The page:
SOPA, PIPA, CISPA all failed in Congress this year, but some are still attempting to pushing through policies that could affect the openness of the Web.
Enough is enough, says one Congressman, who is proposing a bill that would ban all bills affecting the regulation of the Internet for the next two years.
Rep. Darrell Issa (R-CA) posted a draft of his proposed bill, dubbed the Internet American Moratorium Act 2012, which would "create a two-year moratorium [suspension] on any new laws, rules or regulations governing the Internet."
Issa first posted the draft bill to Project Madison, a crowdsourced service that allows users to strike through text and make amendments to individual sections of the legislation. Issa subsequently posted the link on Reddit, where it was quickly upvoted to the top of the site.
In his post, he said: "Together, we can make Washington take a break from messing [with] the Internet."
A tech-savvy and outspoken critic of the Stop Online Piracy Act (SOPA), he nonetheless faced some harsh critics on the news-sharing site, despite Reddit's site-wide ethos to keep the Web open and without restriction. (The site pulled the plug for a whole day earlier this year to protest SOPA, along with dozens of other high-profile sites.)
"This could be a PR stunt," said one user. "You could be trying to gain recognition for 'helping the internet denizens' so that you can become President in the next 4-8 years." Another said: "This just seems to me to be more cheap political theater, along the lines of Grover Norquists 'We will never ever ever raise taxes for any reason' pledge."
There has certainly been mixed reaction across the board. A bill that would effectively stop Congress from governing is arguably a step back. As Gizmodo's Leslie Horn explained:
Open internet? That's a good thing. But a law that keeps congress from governing? That's not a good thing—the internet is a big place, and the language of this law is very broad.
A ban on legislation may not be the wisest of all ideas, and Reddit -- with more than 46 million active users in October -- doesn't appear to have been caught up in the excitement of the proposals. But without legislation, it means Congress can't ask the powerhouses of the Web, such as Facebook or Google, to ensure data protection or user privacy through new rules.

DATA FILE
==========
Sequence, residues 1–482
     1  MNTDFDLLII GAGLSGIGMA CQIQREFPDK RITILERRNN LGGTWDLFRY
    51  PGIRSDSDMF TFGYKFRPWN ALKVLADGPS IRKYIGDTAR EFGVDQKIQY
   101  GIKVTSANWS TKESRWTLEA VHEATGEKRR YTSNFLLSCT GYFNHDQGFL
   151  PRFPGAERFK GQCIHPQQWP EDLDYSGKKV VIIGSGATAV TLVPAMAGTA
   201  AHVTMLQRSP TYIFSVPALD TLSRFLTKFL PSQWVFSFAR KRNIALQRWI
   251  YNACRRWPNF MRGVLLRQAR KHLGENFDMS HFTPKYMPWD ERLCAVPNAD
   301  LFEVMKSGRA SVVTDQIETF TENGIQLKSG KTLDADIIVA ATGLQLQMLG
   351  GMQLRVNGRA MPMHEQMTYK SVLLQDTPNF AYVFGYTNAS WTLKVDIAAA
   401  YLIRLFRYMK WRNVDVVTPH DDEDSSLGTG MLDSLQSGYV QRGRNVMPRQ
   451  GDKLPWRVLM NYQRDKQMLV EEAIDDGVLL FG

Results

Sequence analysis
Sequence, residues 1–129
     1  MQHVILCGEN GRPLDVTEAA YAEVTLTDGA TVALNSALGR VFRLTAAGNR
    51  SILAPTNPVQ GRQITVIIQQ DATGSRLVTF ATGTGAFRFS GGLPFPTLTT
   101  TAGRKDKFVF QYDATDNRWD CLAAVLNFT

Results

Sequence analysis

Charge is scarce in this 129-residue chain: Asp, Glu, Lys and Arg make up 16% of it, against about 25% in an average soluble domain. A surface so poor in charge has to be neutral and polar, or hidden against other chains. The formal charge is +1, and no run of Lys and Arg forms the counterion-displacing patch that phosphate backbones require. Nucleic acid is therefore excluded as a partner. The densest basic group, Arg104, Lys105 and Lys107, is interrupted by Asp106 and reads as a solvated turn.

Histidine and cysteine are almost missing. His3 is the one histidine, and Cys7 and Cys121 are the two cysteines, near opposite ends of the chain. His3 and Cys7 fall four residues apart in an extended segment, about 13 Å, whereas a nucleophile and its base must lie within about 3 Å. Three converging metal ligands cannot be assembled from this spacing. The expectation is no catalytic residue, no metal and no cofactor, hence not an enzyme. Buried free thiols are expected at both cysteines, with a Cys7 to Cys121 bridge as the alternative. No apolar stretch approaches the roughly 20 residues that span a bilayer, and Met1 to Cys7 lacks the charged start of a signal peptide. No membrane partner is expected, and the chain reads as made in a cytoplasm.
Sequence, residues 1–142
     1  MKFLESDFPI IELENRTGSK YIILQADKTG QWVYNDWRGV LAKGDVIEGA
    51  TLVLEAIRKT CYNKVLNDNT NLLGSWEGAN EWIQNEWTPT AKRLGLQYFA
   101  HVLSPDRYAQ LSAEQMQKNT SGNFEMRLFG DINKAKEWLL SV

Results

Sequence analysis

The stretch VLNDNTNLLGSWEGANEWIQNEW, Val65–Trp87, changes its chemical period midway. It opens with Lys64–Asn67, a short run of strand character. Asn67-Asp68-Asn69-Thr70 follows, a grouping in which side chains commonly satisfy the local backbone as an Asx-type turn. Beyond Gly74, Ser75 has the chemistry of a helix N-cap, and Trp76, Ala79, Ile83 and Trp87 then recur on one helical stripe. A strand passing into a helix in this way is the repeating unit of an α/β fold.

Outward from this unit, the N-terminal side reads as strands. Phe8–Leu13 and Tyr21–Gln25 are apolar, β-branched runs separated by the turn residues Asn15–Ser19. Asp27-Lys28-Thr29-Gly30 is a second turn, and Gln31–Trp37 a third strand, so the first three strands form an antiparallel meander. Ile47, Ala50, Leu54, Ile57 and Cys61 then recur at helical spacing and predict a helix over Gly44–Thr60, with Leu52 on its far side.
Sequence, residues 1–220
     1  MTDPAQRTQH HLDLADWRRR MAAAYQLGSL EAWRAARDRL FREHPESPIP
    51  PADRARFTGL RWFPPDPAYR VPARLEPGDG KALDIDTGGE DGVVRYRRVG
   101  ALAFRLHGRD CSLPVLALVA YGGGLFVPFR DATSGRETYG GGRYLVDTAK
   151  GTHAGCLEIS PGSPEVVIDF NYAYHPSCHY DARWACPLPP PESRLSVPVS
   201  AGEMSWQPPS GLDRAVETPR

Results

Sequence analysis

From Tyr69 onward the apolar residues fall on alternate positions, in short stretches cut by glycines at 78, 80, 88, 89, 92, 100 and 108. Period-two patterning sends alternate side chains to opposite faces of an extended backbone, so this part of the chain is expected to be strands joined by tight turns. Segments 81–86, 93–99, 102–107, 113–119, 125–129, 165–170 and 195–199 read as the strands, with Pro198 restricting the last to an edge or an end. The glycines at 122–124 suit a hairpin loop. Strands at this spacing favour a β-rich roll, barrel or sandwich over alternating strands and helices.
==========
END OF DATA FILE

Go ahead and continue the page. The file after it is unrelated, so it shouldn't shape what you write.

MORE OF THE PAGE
From the proposed legislation:
SEC. 3. MORATORIUM ON NEW LAWS, REGULATIONS, OR RULES.
It is resolved in the House of Representatives and Senate that they shall not pass any new legislation for a period of 2 years from the date of enactment of this Act that would require individuals or corporations engaged in activities on the Internet to meet additional requirements or activities. After 90 days of passage of this Act no Department or Agency of the United States shall publish new rules or regulations, or finalize or otherwise enforce or give lawful effect to draft rules or regulations affecting the Internet until a period of at least 2 years from the enactment of this legislation has elapsed.
It's a nice idea, but not well thought through. A little bit of regulation is a good thing. Too much regulation can be a bad thing, and getting the middle ground just right -- which is roughly where we are now -- is fine. But don't freeze the whole thing. The middle ground needs to be fluid and modified from time to time, not dramatically overhauled or frozen in the ice so it can't be changed.
Issa will be on Reddit later today to answer questions. Get your popcorn at the ready.